HealthDay News — Few pediatric patients having a dental procedure combined with another surgical procedure require unplanned admission for perioperative concerns, according to research presented at the annual meeting of the American Society of Anesthesiologists, held from October 22 to 26 in Chicago.

Hina Walia, MB, BS, from the Nationwide Children’s Hospital in Columbus, Ohio, and colleagues conducted a retrospective review of 60 combined dental and surgical general anesthesia cases. Complete results were available for 55 patients (median age, 59 months) who underwent a median of three procedures under a single anesthetic.

The researchers found that the most common procedures performed in combination were tonsillectomy and adenoidectomy, ear tube insertion, and bronchoscopy. Seven patients had perioperative complications, which included vomiting, pain, fever, and pneumonia. Four of these patients were admitted with perioperative concerns; eight other patients were admitted for reasons that were unrelated. Dental procedures included hygiene only (three patients), extraction (33 patients), and other procedures (18 patients), with one, five, and one complications, respectively. There was no significant difference in covariates for patients developing complications and other patients. American Society of Anesthesiologists class was significantly related to admission.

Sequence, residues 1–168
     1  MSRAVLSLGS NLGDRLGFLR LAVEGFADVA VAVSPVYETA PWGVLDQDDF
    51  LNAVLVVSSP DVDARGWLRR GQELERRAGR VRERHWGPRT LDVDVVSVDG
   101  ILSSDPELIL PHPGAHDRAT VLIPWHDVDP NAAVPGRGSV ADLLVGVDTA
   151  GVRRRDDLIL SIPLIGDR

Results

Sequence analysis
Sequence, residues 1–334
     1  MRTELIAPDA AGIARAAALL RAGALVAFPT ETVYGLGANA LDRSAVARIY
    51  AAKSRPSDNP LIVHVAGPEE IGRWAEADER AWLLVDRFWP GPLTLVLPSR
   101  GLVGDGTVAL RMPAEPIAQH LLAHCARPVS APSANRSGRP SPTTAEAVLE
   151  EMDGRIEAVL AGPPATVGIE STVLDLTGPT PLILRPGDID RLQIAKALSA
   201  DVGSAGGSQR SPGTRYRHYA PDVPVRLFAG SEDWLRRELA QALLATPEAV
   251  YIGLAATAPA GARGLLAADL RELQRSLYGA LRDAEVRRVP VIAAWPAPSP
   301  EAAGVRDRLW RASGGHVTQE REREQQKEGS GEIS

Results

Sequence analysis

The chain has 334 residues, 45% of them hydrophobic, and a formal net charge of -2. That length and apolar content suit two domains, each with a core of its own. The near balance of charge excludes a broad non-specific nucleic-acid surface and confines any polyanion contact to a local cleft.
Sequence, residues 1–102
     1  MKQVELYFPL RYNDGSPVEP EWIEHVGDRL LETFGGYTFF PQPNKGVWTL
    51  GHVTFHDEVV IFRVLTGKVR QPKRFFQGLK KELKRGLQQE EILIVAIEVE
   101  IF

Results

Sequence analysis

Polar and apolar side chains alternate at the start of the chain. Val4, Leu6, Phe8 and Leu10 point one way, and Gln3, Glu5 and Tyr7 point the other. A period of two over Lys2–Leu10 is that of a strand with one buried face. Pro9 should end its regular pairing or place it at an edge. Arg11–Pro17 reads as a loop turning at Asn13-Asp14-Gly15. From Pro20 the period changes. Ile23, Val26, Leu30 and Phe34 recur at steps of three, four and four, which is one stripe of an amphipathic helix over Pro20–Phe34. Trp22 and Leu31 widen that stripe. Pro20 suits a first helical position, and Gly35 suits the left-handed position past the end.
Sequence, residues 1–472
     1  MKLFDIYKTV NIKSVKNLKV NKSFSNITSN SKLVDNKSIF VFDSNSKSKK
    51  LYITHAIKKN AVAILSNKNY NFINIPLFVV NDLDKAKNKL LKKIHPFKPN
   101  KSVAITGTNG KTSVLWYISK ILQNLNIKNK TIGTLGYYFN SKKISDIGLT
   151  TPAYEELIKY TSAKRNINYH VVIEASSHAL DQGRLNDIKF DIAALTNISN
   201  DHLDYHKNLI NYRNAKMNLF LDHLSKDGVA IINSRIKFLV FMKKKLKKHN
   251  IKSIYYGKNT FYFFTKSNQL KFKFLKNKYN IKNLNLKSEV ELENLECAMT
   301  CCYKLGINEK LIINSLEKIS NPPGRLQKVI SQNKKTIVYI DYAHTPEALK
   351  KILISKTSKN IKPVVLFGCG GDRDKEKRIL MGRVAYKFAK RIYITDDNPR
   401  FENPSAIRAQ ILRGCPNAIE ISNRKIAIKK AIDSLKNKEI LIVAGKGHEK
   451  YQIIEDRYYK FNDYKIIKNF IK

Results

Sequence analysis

“It can be logistically complex to schedule several procedures at once, but combining them can decrease costs and pleases parents because their children don’t have to undergo multiple recoveries, and can return to school and activities faster,” a coauthor said in a statement.

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